This image was taken last weekend at the Oregon coast while visiting the family in Lincoln City. That visit coincided with some unusually nice weather that provided two straight outstanding sunrises and sunsets. To take advantage of that, I headed on several occasions to Spanish Head at the south end of the town and walked out to the remains of an ancient lava flow that extends from the beach out into the water. It’s a gorgeous spot with a ton of rocks, both individual and in clusters, that provide foreground interest, while the main lava flow can be used as a background or as the main focal point of the shot. In this image, though, I found a nice rock on my way back home and stopped to take a few extra frames. The water flow of this wave, which was less than a foot high, proved to be perfect for the shutter speed I was using. It also overflowed my boots, but since that already had taken place earlier in the morning it wasn’t too much hassle.
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Elowah Falls in the Columbia River Gorge is one of the most easily accessible of the major waterfalls near the Portland metropolitan area. You still have to get your feet wet to take full advantage of this spot as a photographer, though, which is where things get really fun. On this day, though, I was kind of stuck for compositional ideas and ended making compromises that I didn’t like with regard to placing different elements in different spots. Plus, this waterfall always is a challenge to expose properly because of the tree cover shading the creek below this huge boulder to the left. That relative window into the amphitheater of basalt and lichen, though, is one of my favorite views in the entire Gorge and I never tire of seeing it.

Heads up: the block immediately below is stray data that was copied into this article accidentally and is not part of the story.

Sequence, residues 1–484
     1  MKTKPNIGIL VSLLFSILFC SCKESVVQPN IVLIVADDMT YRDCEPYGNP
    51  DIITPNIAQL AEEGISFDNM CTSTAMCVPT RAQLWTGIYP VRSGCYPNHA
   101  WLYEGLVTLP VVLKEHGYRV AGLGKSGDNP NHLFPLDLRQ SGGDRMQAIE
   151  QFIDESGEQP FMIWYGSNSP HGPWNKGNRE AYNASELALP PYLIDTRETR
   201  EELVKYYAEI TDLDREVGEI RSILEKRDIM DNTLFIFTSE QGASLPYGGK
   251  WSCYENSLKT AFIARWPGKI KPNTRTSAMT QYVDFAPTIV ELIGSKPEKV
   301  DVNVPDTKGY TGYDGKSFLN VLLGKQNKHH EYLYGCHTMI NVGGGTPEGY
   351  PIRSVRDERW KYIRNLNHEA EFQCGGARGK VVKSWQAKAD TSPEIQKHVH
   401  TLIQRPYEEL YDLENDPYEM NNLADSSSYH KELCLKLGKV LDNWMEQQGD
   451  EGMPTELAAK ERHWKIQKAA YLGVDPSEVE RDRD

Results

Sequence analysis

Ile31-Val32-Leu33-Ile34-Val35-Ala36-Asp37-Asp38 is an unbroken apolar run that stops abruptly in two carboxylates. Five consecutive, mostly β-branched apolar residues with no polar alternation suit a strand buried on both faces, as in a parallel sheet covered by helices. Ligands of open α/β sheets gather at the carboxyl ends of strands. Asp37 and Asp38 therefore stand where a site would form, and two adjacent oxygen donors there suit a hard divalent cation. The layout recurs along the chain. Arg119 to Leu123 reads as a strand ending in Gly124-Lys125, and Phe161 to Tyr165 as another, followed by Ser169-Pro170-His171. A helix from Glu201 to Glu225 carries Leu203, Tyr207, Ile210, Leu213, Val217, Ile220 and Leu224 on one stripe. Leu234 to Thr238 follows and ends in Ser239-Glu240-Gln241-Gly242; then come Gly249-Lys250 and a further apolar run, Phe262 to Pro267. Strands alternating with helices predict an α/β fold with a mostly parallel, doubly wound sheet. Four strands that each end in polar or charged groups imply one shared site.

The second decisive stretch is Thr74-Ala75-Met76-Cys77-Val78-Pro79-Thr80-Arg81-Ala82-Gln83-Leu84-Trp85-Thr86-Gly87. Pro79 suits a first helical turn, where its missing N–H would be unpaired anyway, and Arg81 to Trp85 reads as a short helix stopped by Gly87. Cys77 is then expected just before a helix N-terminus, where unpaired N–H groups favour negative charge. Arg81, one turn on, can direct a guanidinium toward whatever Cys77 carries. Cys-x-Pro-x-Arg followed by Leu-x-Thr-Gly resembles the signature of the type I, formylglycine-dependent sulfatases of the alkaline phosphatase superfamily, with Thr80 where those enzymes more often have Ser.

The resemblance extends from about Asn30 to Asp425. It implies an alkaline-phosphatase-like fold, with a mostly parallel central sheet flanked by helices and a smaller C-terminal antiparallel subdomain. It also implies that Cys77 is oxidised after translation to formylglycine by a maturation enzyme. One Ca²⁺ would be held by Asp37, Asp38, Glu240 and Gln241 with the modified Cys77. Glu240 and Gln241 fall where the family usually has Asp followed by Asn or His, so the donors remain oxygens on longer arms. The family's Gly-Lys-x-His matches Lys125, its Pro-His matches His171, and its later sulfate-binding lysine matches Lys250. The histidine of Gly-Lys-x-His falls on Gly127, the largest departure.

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I really enjoy shooting cityscape images during the blue hour. Portland is one of the best places around for this, because the fantastic – and numerous – bridges spanning the Willamette River lend themselves to endless compositions. And because of the many old docks, pilings and other remnants of Portland’s past littering the east bank of the river, the place has history to spare. At least by the relatively limited standards of the western United States. But I digress.
In this shot, I found a solitary piling sticking its head above the water in between the concrete chunks that once formed the ferry landing. It made a nice compositional anchor for my foreground, while I used my iPhone to paint the concrete and rocks with light to give it a little extra glow and bring out detail. I’m enjoying this kind of subtle light painting recently, as it gives a nice touch to foreground elements at night that otherwise might be lost or missed.
Thanks for viewing, and please feel free to leave, commentary, critique or suggestions on where to shoot in the future. I love finding new – to me – spots and scenery, so don’t hesitate. Thanks!